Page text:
Problems with obesity, tobacco and alcohol remain factors in health issues, and the California Department of Public Health decided to take a look at how retailers focus on these products and how their display might impact customer decisions, especially for teenagers. The goal, officials said, is to reduce tobacco and alcohol-related disease.
Health officials organized press events throughout the State to share the retail survey data. Inyo-Mono Health Officer Dr. Rick Johnson and other local health officials scheduled a phone conference for reporters. To start with, Dr. Johnson went back in time and pointed to the fact that 50 years ago the Surgeon General issued the first report to link smoking and lung cancer and that smoking is still the number one preventable cause of death. Said Johnson, “We still fight a battle with the tobacco industry.” He said the goal of the retail survey is to “counteract the effects of the tobacco industry, especially on unsuspecting youth.”
The Statewide survey of stores included a look at roughly 30 stores each in Inyo and Mono. Dr. Johnson said the results show a “significant presence of tobacco
products – 83% of stores in Inyo and 72% in Mono.” This includes smokeless tobacco and e-cigarettes which were initially marketed as a way to quit smoking but now, Dr. Johnson said, are recognized as a “gateway to tobacco products.” E-cigarettes, Johnson said, do contain chemicals including nicotine. He said the manufacturers, which are now owned by major tobacco companies, use flavors and catchy names to attract kids.
The survey in our two counties shows nearly 67% of Inyo stores and 24% of Mono stores have “unhealthy exterior advertising.” A little over one-quarter of the stores in both counties display tobacco products near candy at the check-out. Roughly 20% of the stores sell e-cigarettes which are only legally sold to adults 18 and older. 83% of Inyo stores sell chewing tobacco and 80% sell little cigars and cigarillos which are sold individually and flavored. 72% of Mono stores sell chewing tobacco and 58% sell little cigars and cigarillos.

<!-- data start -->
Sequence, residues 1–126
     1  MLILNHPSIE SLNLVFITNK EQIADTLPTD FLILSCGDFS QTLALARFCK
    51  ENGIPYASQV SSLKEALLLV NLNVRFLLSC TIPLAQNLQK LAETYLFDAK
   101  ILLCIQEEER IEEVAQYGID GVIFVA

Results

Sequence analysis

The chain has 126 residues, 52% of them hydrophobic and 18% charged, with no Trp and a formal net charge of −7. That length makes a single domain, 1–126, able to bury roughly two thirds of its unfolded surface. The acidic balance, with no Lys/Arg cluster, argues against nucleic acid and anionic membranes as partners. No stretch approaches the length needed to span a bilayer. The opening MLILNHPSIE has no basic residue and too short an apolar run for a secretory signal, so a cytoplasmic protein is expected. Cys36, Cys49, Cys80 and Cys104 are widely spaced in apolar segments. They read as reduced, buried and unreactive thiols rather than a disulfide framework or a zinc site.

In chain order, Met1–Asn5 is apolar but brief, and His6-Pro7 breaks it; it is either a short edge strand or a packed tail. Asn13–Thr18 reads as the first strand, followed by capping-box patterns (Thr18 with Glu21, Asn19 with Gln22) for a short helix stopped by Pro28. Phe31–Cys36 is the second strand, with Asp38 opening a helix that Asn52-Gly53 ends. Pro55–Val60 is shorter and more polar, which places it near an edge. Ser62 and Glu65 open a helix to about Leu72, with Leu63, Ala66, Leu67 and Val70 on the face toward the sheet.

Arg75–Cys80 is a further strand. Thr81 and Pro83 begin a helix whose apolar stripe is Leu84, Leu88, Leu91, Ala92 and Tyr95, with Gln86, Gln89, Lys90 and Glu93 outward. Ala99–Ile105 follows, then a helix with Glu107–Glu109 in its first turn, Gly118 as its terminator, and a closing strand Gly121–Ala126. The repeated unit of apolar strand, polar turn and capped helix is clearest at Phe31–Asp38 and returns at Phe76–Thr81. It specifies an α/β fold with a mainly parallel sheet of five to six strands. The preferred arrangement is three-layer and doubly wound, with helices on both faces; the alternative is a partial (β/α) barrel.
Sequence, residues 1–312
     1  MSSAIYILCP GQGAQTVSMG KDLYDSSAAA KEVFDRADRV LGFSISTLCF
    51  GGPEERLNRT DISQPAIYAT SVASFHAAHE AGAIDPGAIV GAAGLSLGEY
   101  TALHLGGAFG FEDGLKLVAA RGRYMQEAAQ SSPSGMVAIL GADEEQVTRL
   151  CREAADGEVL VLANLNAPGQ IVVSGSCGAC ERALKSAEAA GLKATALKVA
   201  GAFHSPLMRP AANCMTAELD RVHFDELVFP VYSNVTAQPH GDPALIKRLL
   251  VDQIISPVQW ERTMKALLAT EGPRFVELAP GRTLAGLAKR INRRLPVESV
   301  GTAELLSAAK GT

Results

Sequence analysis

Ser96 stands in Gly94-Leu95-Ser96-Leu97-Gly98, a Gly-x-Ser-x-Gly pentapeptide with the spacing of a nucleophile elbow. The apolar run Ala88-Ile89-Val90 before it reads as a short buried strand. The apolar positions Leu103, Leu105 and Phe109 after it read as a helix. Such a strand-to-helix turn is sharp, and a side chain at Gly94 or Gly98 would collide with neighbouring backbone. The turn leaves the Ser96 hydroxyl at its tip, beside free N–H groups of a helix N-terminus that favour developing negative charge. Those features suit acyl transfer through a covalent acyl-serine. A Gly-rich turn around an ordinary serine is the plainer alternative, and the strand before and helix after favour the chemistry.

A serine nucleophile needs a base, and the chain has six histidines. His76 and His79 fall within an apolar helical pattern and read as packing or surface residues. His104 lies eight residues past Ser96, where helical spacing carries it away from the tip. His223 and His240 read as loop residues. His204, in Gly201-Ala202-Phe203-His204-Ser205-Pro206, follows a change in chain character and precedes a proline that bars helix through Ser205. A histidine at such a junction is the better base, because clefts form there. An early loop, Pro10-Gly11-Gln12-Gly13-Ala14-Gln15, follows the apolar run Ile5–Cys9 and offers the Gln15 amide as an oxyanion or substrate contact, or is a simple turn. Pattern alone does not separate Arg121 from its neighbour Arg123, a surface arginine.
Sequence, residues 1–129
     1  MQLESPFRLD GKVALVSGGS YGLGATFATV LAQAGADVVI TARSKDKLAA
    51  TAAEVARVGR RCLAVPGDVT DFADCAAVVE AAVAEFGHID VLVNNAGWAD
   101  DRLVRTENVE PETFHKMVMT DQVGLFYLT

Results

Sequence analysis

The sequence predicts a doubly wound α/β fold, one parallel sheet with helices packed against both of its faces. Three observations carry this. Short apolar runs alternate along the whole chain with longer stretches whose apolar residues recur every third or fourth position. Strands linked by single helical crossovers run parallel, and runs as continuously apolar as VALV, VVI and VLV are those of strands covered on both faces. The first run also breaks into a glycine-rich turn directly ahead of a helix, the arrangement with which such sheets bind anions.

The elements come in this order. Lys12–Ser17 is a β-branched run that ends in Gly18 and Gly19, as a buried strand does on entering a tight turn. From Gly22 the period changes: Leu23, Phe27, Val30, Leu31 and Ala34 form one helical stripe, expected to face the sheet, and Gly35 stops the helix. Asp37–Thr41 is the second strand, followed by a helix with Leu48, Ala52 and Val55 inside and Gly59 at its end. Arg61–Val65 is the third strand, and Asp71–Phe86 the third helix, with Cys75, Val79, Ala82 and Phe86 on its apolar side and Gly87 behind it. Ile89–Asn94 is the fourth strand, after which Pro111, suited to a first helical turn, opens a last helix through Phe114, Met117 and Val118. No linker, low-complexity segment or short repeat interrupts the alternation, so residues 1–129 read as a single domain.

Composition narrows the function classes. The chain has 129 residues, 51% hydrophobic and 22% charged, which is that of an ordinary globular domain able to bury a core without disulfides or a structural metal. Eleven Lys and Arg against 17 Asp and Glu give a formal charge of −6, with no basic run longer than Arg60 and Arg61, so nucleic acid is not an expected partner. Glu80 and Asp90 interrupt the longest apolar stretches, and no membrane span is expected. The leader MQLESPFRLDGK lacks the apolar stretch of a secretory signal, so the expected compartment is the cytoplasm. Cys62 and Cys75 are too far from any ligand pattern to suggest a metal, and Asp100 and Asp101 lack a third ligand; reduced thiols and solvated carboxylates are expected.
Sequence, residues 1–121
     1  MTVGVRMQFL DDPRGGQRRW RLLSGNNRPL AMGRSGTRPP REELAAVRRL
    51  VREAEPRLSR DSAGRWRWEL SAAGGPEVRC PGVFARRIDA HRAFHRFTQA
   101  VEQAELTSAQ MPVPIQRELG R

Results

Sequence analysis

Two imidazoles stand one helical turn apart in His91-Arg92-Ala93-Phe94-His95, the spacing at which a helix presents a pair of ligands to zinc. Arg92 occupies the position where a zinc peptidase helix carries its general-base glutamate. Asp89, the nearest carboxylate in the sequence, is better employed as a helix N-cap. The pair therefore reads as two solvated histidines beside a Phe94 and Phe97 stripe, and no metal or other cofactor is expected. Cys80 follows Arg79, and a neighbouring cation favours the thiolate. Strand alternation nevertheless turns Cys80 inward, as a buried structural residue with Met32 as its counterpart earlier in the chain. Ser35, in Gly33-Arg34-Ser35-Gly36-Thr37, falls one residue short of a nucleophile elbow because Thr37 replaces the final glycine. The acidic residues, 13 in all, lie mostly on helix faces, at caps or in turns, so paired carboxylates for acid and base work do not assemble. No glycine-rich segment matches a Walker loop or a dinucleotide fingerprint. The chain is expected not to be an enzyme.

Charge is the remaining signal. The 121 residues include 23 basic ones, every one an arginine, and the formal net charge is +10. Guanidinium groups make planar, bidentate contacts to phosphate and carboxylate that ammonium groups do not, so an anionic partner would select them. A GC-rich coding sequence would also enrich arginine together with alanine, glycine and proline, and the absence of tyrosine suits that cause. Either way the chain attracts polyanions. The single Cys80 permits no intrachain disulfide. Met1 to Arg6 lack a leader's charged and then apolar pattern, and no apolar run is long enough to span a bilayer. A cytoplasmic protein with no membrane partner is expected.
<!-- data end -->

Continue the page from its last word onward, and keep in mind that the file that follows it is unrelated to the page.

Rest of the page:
Dr. Johnson said smoking is one issue but alcohol is another big problem. Around 45% of Inyo-Mono 11th graders used alcohol in the last 30 days. That’s higher than the State average. Johnson said one-third of the students binge drink, compared to 22% statewide. You can see full survey results on tobacco, alcohol and food for our counties’ stores at www.healthystoreshealthycommunity.com.
Nancy Mahannah, Mono Health Promotion Division Manager, and April Eagan of Inyo Prevention Services both spoke of the dangers of e-cigarettes and flavored cigarillos. Kids think they are cool. Mahannah said the FDA banned flavored cigarettes, so the tobacco companies made little cigars and sell them individually.
Cities have begun to impose bans on e-cigarettes similar to other tobacco prohibitions. The Mammoth Town Council considered that move. The Council unanimously moved to bring back language that would include e-cigarettes in the Town’s tobacco prohibition ordinance.
Dr. Johnson said it is hoped to make our stores healthier places which do not display products that are unhealthy and most profitable up front. Officials said it’s not about telling stores what to do but encouraging them to help customers make healthy choices, especially kids.
The local surveys showed that a good selection of good quality fresh fruits and vegetables are available in nearly 24% of Inyo stores and nearly 67% of Mono stores. Health officials have concerns about selling alcohol near candy or toys and about external alcohol advertising.